Background The benefits of aerobic training for the main features of asthma, such as bronchial hyperresponsiveness (BHR) and inflammation, are poorly understood. We investigated the effects of aerobic training on BHR (primary outcome), serum inflammatory cytokines (secondary outcome), clinical control and asthma quality of life (Asthma Quality of Life Questionnaire (AQLQ)) (tertiary outcomes).
Methods Fifty-eight patients were randomly assigned to either the control group (CG) or the aerobic training group (TG). Patients in the CG (educational programme+breathing exercises (sham)) and the TG (same as the CG+aerobic training) were followed for 3 months. BHR, serum cytokine, clinical control, AQLQ, induced sputum and fractional exhaled nitric oxide (FeNO) were evaluated before and after the intervention.
Results After 12 weeks, 43 patients (21 CG/22 TG) completed the study and were analysed. The TG improved in BHR by 1 doubling dose (dd) (95% CI 0.3 to 1.7 dd), and they experienced reduced interleukin 6 (IL-6) and monocyte chemoattractant protein 1 (MCP-1) and improved AQLQ and asthma exacerbation (p<0.05). No effects were seen for IL-5, IL-8, IL-10, sputum cellularity, FeNO or Asthma Control Questionnaire 7 (ACQ-7; p>0.05). A within-group difference was found in the ACQ-6 for patients with non-well-controlled asthma and in sputum eosinophil and FeNO in patients in the TG who had worse airway inflammation.
Conclusions Aerobic training reduced BHR and serum proinflammatory cytokines and improved quality of life and asthma exacerbation in patients with moderate or severe asthma. These results suggest that adding exercise as an adjunct therapy to pharmacological treatment could improve the main features of asthma.
Trial registration number NCT02033122.
- Pulmonary Rehabilitation
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What is the key question?
Does aerobic exercise improve bronchial hyperresponsiveness and airway and systemic inflammation in patients with moderate or severe asthma?
What is the bottom line?
Improvements in aerobic fitness reduced bronchial hyperresponsiveness in one doubling dose of histamine and reduced systemic inflammation in patients with moderate or severe asthma under optimal medical treatment, suggesting that this therapy is an important adjuvant in asthma treatment.
Why read on?
This randomised and controlled trial provides the first evidence, obtained using a gold-standard method, that improvement in aerobic exercise reduces bronchial hyperresponsiveness and systemic inflammation.
Asthma, defined as a chronic inflammatory disorder of the airways, is characterised by airway obstruction and bronchial hyperresponsiveness (BHR) and is associated with recurrent episodes of wheezing, breathlessness, chest tightness and coughing.1 Asthma symptoms experienced during daily physical activities or the fear of triggering asthma may keep patients with asthma from engaging in physical exercise,2 which often leads to a detrimental health cycle and an aversion to exercise, and reduces activity in daily life and physical fitness.3 ,4 Interestingly, a low level of physical activity has been strongly and independently associated with increased BHR in patients with asthma.5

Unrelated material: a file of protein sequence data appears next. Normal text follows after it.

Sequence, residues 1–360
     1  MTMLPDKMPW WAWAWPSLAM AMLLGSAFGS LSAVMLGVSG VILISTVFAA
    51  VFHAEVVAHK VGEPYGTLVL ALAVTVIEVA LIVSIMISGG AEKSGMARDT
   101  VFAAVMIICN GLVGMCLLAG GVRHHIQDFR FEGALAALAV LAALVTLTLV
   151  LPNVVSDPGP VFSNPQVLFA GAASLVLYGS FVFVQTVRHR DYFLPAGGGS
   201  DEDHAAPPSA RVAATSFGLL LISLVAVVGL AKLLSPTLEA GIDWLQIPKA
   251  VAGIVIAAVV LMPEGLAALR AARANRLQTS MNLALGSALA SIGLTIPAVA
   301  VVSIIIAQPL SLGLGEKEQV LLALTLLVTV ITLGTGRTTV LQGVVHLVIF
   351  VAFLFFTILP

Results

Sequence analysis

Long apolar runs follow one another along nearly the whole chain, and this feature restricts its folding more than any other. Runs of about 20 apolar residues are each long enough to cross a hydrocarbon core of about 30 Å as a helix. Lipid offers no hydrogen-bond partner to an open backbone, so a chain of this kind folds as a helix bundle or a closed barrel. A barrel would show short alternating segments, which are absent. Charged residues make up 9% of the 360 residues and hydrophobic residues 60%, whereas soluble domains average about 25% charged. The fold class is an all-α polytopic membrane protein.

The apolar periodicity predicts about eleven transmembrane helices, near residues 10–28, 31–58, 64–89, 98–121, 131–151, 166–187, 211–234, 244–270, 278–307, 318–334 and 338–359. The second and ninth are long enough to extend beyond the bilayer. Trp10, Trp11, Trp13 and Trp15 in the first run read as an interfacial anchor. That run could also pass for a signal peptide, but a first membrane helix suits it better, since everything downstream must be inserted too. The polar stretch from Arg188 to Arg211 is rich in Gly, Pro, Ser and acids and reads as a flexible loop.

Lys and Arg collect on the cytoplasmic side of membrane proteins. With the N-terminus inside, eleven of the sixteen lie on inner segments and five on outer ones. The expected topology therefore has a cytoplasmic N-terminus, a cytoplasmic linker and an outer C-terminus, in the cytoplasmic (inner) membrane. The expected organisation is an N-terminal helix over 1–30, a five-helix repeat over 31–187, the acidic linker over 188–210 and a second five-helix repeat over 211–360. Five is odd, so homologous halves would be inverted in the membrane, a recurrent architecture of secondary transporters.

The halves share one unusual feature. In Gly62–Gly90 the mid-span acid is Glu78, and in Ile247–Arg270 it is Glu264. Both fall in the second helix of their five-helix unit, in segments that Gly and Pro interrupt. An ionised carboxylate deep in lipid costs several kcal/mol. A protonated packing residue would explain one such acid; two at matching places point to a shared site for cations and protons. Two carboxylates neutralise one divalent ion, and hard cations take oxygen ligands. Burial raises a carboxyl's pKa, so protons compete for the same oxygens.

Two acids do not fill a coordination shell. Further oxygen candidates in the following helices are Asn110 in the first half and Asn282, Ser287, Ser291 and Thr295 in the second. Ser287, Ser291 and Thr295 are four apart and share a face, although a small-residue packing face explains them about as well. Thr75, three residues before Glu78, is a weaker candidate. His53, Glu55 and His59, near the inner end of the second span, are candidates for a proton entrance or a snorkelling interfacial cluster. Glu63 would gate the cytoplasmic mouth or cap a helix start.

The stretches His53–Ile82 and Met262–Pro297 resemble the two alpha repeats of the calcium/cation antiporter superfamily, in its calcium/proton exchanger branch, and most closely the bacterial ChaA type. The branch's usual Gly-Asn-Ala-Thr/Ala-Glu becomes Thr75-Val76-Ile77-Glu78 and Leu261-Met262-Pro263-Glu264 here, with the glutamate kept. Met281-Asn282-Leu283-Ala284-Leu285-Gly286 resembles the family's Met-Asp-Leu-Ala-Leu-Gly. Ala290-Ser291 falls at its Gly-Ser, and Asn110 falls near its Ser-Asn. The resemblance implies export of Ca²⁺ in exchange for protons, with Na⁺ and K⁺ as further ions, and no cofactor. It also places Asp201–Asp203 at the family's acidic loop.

However, exercise training has been proposed as an adjunctive therapy in asthma treatment because it improves physical fitness, health-related quality of life (HRQoL)6 and asthma symptoms,7 and because it reduces corticosteroid consumption.8 However, the effects of exercise training on BHR remain controversial. Two recent systematic reviews evaluated the effects of aerobic training on BHR and reported either no benefit9 or only a trend towards lower BHR after exercise training.10 The lack of evidence observed in these reviews is explained by the great diversity in patient disease severity, clinical control status and medication management. In addition, BHR in these studies9 ,10 was not properly evaluated using a doubling dose, which is the gold-standard method recommended by current guidelines and has been widely used in clinical trials.11 As a consequence, both meta-analyses recommended performing well designed trials using standardised tools and more detailed sample characterisation to investigate the potential benefits of regular exercise on BHR in patients with asthma.
Although the effect of aerobic training on BHR in patients with asthma remains poorly understood, studies in asthma animal models have demonstrated that exercise training reduces airway responsiveness and inflammation.12 ,13 Three potential mechanisms have been proposed: reductions in expression of the T helper 2 (Th2) cytokines interleukin (IL)-4, IL-5 and IL-13,13–16 reductions in the chemokines monocyte chemoattractant protein (MCP)16 and keratinocyte chemoattractant (KC; murine homologue to human IL-8)15 and increases in the anti-inflammatory cytokine IL-10.13 ,16 To the best of our knowledge, no previous study has investigated such mechanisms in patients with asthma. Given that BHR and inflammation are characteristic features of asthma and given that exercise has systemic anti-inflammatory effects,17 the aim of the present study was to investigate the effects of aerobic training on BHR (primary aim) and serum inflammatory cytokines (secondary aim). In addition, clinical control, asthma quality of life and airway inflammation were evaluated (tertiary outcomes).
Detailed study methods are provided in the online supplementary appendix.
Outpatients with moderate or severe persistent asthma, aged between 20 and 59 years, were recruited from a University Hospital. The Ethics Review Board of the Clinical Hospital approved the study (protocol 0121/10). All patients signed an informed consent form and the trial was registered at ClinicalTrials.gov (NCT02033122). Asthma was diagnosed according to the Global Initiative for Asthma,1 and disease severity was determined by combining the current level of symptoms, pulmonary function and maintenance treatment.18 The patients were managed under optimal medical treatment, monitored by pulmonologists for at least 6 months and considered clinically stable (without exacerbations or changes in medication for at least 30 days).
Patients who met the following criteria were excluded: cardiovascular, musculoskeletal or other chronic lung diseases; current participation in a moderate or vigorous exercise programme; and current smokers or ex-smokers.